Wildlife Rescue

To report sick or injured Phillip Island wildlife:

PHONE

7:30am to 4pm daily - contact the Nature Parks on 5951 2800 and select Option 2.

After hours: 4pm to 7:30am daily – contact Wildlife Victoria on 8400 7300.
(phones are staffed until 7pm on weekdays and 6.30pm on weekends, with messages taken outside those hours)

ONLINE

HELP FOR INJURED WILDLIFE - ONLINE TOOL  

Help for Injured Wildlife is a web-based tool created by the Department of Environment, Land, Water and Planning (DELWP) that provides the general public with relevant contact details and information to help when they encounter sick, injured or orphaned wildlife in Victoria. 

Please see Help for Injured Wildlife FAQs here

Cases can also be logged at: wildlifevictoria.org.au 

IN PERSON 

Sick or Injured wildlife can be taken to the Penguin Parade Visitor Centre until closing time (approx 2 hours after sunset) or to the Local Vets before 5.30pm 

GENERAL INFORMATION

  • Phillip Island Nature Parks runs a Wildlife Clinic, specialising in seabirds which we take in from across the state
  • The Wildlife Clinic can only accept other wildlife indigenous to the island, eg wallabies, echidna, possums etc
  • The Wildlife Clinic is unable to accept or attend to snakes or flying foxes/fruit bats, or wildlife not indigenous to Phillip Island such as wombats and kangaroos
  • Permit restrictions do not allow the Wildlife Clinic to accept seals for rehabilitation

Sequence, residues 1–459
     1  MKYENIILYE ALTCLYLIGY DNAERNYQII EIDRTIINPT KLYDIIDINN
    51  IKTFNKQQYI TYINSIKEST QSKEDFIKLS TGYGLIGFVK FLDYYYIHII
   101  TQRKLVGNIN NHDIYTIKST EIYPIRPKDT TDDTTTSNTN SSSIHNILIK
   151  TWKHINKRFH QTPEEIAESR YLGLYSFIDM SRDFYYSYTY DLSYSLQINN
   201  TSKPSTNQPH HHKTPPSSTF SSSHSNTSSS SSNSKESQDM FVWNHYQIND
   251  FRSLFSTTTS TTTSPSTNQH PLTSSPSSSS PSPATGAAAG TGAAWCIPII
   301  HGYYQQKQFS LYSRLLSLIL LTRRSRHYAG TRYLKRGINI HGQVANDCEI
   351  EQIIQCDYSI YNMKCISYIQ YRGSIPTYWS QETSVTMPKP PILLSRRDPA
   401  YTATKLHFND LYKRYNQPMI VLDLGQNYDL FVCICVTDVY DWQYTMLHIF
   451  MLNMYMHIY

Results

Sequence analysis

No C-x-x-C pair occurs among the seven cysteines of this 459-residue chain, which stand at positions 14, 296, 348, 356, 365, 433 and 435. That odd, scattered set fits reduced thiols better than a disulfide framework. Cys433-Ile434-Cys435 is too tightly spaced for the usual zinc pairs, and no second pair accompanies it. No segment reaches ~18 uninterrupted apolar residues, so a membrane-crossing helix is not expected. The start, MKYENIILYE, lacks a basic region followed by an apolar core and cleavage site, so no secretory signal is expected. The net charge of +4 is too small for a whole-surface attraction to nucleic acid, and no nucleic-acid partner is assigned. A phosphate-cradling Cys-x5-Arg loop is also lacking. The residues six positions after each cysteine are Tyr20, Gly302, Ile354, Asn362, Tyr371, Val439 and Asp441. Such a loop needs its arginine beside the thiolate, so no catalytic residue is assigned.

• Trained staff are on call from 7:30am to 4pm daily to attend wildlife rescue calls.

Please click here for updates on wildlife currently being monitored by Phillip Island Nature Parks rangers, and information on our wildlife protection programs.  

Approaching seals
Seals often "haul out" to lie on beaches or other areas to rest or moult, moving between land and sea of their own accord. This is normal behaviour, and is especially prevalent over the summer months as the seal pups have been weaned and are fending for themselves. Sometimes they can also look injured when they are actually not. For example, seals secrete a watery substance from their eyes which is often mistaken for crying or an injury, but it is a natural mechanism to protect their eyes.Seals are also regularly bitten or scratched by other seals. Such wounds heal quickly and don't need human help.

What to do if you see a seal on the beach:
• Leave it alone and maintain a distance of least 30 metres to allow the seal to rest
• Keep dogs restrained and at least 50m away from the seal to avoid frightening or injuring it
• Do not feed the seal as it may become habituated to humans and unable to fend for itself in the wild
• Do not attempt to move the seal back into the water or throw water over it – they can self-regulate their body temperature